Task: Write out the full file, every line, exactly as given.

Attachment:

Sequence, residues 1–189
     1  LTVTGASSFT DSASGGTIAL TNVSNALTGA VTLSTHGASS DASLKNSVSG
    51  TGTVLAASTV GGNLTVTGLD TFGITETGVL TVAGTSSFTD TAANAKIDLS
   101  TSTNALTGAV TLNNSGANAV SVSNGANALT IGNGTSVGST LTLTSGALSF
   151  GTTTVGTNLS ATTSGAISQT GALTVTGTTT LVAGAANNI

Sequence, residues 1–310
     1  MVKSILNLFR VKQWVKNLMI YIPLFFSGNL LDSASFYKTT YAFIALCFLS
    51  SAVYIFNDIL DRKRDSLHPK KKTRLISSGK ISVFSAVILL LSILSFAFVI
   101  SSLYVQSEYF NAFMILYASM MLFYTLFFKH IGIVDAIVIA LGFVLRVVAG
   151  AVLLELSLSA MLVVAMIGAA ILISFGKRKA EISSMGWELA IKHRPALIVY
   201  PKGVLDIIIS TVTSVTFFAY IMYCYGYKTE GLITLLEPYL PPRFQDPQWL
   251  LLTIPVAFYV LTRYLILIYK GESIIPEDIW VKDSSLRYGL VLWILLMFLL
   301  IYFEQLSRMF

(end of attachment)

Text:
Sequence, residues 1–189
     1  LTVTGASSFT DSASGGTIAL TNVSNALTGA VTLSTHGASS DASLKNSVSG
    51  TGTVLAASTV GGNLTVTGLD TFGITETGVL TVAGTSSFTD TAANAKIDLS
   101  TSTNALTGAV TLNNSGANAV SVSNGANALT IGNGTSVGST LTLTSGALSF
   151  GTTTVGTNLS ATTSGAISQT GALTVTGTTT LVAGAANNI

Sequence, residues 1–310
     1  MVKSILNLFR VKQWVKNLMI YIPLFFSGNL LDSASFYKTT YAFIALCFLS
    51  SAVYIFNDIL DRKRDSLHPK KKTRLISSGK ISVFSAVILL LSILSFAFVI
   101  SSLYVQSEYF NAFMILYASM MLFYTLFFKH IGIVDAIVIA LGFVLRVVAG
   151  AVLLELSLSA MLVVAMIGAA ILISFGKRKA EISSMGWELA IKHRPALIVY
   201  PKGVLDIIIS TVTSVTFFAY IMYCYGYKTE GLITLLEPYL PPRFQDPQWL
   251  LLTIPVAFYV LTRYLILIYK GESIIPEDIW VKDSSLRYGL VLWILLMFLL
   301  IYFEQLSRMF